Browsing Department of Mechanical Engineering & the Built Environment by Subjects
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Influence of upstream turbulence on the wake characteristics of a tidal stream turbine.The influence of the upstream turbulence intensity on the flow characteristics downstream of a laboratory-scale horizontal axis tidal stream turbine is investigated in this study. Three test cases with the same mean velocity and different turbulence intensities are simulated numerically using the hybrid large eddy simulation/actuator line modelling technique. The mean velocity components, mean turbulent fluctuations, velocity deficit and wake extension are compared along the streamwise direction to examine the upstream turbulence effects. The inflow conditions are generated by the mapping method using the mean velocity and turbulent profiles experimentally obtained for a turbulent open channel flow. Comparing results for the mean velocity and turbulent fluctuations shows that the upstream turbulence level strongly affects the flow characteristics downstream of the turbine by influencing the tip vortices breakdown process and in turn wake recovery. The comparison also reveals that the ambient turbulence level strongly influences the velocity deficit but it does not significantly affect the streamwise velocity and the radial location of tip vortices in the flow.
Numerical simulations of wake characteristics of a horizontal axis tidal stream turbine using actuator line model.The wake of a laboratory scale tidal stream turbine in a shallow water channel with a turbulent inflow is simulated using the hybrid LES/ALM technique, which combines large eddy simulation with the actuator line method. The turbulent inlet conditions are generated using the mapping method to avoid a precursor running and large space for saving data. The numerical results demonstrated the usefulness of the mapping technique as well as some shortcomings that still remain to be addressed. Good agreement between numerical predictions and experimental data is achieved for both the mean and turbulent characteristics of the flow behind the turbine. The examination of changes in turbulence intensity and turbulent kinetic energy in the streamwise direction confirms the existence of a peak and transition to a highly turbulent flow about three diameters downstream of the turbine, which means that the distinct characteristics of the streamwise changes of turbulence intensity or turbulent kinetic energy may serve as an effective indicator for the flow regime transition and wake behaviour.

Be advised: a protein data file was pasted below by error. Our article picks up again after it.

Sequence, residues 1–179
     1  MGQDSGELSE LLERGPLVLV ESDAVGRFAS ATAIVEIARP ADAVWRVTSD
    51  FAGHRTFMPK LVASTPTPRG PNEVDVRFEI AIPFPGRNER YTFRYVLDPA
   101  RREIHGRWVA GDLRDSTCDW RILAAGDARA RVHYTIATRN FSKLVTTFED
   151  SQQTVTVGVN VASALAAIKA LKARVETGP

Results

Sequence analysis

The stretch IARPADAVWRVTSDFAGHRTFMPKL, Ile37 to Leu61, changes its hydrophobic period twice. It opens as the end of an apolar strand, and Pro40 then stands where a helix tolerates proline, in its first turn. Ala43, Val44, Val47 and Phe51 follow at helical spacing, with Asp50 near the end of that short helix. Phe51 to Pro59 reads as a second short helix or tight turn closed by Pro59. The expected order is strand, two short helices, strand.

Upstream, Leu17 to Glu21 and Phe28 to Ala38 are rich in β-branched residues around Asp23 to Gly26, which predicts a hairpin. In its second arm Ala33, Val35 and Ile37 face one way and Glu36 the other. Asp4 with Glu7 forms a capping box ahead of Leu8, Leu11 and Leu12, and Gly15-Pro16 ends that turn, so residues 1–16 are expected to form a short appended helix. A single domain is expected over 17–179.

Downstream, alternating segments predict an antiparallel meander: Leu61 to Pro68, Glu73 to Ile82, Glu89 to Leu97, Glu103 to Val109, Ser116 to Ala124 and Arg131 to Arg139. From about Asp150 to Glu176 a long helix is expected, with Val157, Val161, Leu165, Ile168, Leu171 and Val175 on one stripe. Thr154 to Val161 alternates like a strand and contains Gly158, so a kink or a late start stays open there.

Validation of the actuator line method for simulating flow through a horizontal axis tidal stream turbine by comparison with measurementsThe purpose of the present work is to evaluate the capability of the Actuator Line Method (ALM) to simulate flow through a horizontal axis tidal stream turbine. A numerical model combining the ALM with large eddy simulation technique is developed and applied to compute the flow past a laboratory-scale tidal stream turbine. The flow field is analysed in terms of streamwise mean velocity, turbulence intensity, turbulent kinetic energy and the decay rate of the maximum turbulent kinetic energy behind the turbine. It is found that the ALM performs well in predicting the mean flow and turbulence characteristics behind the turbine. The flow field predicted show a clear transition from an organised vorticity region near the turbine to a highly turbulent flow downstream. The location of this transition and the controlling parameters are discussed but further investigation, both numerical and experimental is required in order to clarify its effects on the flow structure and the performance of downstream turbines in tidal turbine arrays.